Often when people think of calm-down activities they think of things that involve quiet and stillness. This is exactly what many people do need to calm their brain, ground themselves and regulate. But, for lots of people, especially children, that grounding and regulation comes from moving.
If you are a teacher or school support worker, consider how you can incorporate some movement into transitions. You're probably already very good at noticing when children start to get restless and wriggly. If you see this behaviour, chances are not much learning is 'sticking,' so it might be time for either the whole class or select wriggly children to get up and stretch, do a 5 min brain-break dance or think of a way to conduct some of the lesson whilst everyone stands or moves.
I love the idea of having a watering can in the classroom ready to give a child when you notice they're starting to become agitated. Asking them to fill it up then water the school vegetable garden or plants can be very calming as it involves the child holding something weighted, walking and being outside in nature. When they return, you can either chat with them or they can get back to focusing on learning.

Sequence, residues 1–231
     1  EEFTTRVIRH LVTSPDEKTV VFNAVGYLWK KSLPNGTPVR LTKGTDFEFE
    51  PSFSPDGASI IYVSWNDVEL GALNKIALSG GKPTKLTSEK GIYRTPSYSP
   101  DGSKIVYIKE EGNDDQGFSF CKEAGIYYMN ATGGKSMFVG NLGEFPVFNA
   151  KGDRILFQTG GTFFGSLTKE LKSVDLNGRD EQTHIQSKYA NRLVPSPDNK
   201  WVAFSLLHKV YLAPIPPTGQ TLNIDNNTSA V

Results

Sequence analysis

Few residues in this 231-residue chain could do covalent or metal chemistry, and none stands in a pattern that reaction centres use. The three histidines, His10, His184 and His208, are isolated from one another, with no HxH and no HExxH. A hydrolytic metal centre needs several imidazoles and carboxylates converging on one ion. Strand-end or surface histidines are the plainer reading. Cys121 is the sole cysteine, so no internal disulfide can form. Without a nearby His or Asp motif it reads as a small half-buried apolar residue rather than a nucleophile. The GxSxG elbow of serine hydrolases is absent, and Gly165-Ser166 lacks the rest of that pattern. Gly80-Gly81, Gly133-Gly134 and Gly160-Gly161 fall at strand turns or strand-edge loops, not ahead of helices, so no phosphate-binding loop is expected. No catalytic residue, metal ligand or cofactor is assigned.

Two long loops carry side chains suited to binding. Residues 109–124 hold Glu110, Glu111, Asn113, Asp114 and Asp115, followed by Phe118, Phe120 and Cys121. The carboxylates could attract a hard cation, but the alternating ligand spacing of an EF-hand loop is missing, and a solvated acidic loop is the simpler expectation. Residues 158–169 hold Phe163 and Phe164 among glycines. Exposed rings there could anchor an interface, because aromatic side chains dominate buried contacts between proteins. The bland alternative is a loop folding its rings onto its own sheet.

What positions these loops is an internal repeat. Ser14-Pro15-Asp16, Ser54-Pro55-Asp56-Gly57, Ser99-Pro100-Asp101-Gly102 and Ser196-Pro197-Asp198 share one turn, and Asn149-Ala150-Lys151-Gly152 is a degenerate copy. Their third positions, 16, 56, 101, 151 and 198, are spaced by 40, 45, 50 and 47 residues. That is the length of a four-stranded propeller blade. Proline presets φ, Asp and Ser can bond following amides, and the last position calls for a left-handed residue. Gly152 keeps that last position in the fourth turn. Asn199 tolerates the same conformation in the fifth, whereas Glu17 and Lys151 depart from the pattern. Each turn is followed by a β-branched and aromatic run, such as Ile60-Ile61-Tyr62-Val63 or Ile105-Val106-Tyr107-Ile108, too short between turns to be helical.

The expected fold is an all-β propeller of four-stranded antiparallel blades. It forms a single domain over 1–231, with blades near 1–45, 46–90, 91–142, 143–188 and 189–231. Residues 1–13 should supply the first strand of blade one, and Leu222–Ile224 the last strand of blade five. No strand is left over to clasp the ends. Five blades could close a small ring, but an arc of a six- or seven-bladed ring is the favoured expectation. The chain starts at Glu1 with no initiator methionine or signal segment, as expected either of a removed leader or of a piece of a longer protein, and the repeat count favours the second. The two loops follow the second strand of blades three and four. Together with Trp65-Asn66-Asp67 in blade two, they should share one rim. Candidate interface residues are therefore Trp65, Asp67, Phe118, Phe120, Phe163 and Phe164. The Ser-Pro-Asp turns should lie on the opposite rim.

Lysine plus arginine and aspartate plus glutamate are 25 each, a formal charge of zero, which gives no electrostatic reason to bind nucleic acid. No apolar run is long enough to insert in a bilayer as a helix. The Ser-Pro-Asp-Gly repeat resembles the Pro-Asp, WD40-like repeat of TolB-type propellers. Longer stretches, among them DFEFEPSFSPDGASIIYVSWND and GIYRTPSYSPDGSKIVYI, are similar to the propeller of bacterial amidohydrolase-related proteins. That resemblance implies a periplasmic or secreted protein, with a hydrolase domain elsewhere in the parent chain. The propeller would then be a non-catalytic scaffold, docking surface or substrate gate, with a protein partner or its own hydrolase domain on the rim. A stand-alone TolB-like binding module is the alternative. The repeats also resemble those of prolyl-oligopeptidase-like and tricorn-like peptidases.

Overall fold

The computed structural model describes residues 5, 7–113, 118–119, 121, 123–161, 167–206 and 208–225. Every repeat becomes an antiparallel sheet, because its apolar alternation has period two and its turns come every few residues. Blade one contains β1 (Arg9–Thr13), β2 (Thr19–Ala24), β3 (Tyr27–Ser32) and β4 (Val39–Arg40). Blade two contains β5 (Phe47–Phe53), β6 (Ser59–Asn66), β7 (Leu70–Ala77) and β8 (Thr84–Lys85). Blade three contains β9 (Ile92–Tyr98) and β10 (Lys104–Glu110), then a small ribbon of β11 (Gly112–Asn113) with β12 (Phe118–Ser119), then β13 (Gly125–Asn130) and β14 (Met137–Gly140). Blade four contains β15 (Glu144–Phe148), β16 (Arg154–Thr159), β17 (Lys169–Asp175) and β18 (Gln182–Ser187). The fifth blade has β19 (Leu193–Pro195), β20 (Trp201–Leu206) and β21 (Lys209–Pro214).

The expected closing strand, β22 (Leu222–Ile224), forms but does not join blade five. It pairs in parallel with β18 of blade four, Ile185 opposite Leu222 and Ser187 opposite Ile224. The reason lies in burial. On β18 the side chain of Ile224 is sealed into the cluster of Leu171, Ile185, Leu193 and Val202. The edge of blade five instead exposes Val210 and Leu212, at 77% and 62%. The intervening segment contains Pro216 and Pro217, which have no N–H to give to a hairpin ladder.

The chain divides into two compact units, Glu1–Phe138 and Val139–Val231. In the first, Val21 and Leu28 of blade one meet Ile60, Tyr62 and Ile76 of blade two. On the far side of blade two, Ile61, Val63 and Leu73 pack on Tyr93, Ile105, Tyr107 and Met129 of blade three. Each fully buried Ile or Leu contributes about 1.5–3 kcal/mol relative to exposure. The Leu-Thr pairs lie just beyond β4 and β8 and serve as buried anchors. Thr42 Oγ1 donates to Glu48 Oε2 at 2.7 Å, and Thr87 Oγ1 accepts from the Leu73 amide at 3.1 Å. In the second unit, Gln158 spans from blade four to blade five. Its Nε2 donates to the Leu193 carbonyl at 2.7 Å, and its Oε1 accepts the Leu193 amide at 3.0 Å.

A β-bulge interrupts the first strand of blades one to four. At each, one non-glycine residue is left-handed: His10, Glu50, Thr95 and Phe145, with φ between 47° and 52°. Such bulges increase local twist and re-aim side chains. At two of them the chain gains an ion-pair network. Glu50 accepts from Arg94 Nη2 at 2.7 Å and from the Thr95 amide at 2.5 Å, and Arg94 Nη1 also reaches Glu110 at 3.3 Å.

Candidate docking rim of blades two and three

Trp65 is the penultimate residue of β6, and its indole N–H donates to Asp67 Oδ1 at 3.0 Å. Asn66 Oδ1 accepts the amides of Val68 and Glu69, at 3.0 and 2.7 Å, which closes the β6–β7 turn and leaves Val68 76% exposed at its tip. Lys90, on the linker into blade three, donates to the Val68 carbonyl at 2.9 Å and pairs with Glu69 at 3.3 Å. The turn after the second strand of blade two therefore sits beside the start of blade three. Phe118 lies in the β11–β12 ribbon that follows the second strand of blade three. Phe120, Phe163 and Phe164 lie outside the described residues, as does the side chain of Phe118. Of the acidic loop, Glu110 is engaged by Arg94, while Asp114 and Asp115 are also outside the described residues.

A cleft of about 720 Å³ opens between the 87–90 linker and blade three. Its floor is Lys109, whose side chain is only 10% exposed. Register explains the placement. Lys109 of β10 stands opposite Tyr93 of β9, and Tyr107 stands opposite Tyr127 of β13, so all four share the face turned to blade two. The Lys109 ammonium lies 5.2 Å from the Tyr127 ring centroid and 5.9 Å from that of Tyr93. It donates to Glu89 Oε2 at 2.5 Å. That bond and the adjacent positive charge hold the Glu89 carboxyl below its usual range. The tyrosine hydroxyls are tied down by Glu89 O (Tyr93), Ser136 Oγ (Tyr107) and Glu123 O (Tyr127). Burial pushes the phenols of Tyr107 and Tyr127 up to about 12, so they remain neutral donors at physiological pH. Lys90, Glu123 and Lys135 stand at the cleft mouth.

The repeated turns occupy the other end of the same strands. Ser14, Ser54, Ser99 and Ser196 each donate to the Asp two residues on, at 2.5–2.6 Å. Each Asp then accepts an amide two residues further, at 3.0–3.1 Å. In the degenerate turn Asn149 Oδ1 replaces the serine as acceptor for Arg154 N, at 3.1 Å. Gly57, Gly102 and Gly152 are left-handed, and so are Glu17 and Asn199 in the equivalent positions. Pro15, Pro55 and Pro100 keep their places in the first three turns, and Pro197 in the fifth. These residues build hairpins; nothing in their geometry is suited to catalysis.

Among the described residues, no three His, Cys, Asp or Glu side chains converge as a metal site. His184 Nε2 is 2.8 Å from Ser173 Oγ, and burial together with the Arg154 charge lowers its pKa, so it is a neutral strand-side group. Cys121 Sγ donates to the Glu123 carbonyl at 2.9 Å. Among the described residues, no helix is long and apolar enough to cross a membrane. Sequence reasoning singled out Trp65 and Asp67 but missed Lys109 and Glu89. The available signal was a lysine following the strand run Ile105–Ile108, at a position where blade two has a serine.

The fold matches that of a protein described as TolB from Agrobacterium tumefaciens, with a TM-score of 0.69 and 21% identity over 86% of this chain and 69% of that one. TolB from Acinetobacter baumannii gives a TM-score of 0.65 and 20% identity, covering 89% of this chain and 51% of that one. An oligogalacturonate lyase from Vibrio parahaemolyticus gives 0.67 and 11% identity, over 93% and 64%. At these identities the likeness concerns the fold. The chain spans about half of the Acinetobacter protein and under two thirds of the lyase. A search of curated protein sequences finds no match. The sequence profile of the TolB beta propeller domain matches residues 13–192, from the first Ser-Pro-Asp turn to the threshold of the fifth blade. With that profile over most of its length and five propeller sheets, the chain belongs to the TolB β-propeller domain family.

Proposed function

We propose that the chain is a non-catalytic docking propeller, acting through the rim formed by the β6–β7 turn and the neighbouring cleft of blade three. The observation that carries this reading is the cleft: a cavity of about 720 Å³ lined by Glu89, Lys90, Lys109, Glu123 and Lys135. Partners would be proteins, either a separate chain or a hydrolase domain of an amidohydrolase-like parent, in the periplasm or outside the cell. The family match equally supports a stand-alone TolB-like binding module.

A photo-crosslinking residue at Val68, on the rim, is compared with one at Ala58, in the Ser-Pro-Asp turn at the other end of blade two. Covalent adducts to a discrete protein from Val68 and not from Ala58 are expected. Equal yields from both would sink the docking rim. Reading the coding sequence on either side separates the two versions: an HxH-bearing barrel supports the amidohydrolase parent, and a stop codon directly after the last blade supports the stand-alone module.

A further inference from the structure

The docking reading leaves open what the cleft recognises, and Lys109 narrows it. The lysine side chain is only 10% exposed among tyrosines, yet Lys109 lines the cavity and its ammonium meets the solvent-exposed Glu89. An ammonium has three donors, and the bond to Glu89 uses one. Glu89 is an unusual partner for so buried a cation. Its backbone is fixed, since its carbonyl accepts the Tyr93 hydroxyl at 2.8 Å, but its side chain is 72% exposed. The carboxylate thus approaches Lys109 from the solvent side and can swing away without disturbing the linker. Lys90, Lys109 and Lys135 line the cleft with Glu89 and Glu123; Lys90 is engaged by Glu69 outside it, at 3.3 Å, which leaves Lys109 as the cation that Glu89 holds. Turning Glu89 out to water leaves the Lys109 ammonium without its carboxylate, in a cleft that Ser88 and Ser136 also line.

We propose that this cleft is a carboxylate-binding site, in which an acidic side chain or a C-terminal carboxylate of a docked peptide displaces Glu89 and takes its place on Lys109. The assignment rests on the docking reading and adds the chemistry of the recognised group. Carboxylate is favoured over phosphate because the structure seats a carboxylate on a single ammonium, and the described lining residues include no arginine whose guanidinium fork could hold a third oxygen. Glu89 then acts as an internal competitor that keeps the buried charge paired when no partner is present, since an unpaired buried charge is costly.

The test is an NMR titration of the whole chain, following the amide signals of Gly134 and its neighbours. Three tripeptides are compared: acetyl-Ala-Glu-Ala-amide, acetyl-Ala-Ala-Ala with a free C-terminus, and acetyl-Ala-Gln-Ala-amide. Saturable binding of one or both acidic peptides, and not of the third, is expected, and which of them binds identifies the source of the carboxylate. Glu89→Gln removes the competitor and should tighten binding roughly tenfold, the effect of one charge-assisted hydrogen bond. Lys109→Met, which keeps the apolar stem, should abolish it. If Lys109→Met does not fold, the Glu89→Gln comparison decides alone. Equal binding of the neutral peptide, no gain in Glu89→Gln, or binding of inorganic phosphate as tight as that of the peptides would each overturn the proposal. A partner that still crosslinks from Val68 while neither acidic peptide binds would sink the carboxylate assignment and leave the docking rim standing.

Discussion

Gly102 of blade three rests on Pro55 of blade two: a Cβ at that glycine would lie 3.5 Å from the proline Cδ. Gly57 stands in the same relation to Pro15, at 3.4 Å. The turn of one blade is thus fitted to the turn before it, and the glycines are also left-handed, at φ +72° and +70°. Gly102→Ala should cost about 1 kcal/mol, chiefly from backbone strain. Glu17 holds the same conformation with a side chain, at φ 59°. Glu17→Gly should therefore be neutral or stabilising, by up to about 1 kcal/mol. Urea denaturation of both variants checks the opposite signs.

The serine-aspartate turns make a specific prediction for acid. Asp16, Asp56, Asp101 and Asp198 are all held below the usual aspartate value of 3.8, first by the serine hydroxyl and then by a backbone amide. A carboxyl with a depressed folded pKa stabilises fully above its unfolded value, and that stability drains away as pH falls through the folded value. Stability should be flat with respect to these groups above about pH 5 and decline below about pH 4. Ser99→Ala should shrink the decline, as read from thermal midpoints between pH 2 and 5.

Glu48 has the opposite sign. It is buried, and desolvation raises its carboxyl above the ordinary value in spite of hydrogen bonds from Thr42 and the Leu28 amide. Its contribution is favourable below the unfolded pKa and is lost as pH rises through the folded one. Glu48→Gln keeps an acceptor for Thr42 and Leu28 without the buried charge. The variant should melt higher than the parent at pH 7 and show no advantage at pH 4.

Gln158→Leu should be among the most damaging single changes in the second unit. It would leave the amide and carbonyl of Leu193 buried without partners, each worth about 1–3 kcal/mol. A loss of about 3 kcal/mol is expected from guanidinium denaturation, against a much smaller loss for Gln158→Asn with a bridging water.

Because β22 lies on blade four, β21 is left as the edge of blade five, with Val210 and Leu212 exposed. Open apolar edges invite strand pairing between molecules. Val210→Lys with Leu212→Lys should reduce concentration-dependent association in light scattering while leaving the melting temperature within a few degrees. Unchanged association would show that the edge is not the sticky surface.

When a child is dysregulated due to experiencing big emotions, allowing them the opportunity to move and expel some energy, might be just the thing they need so they can focus and talk about what happened.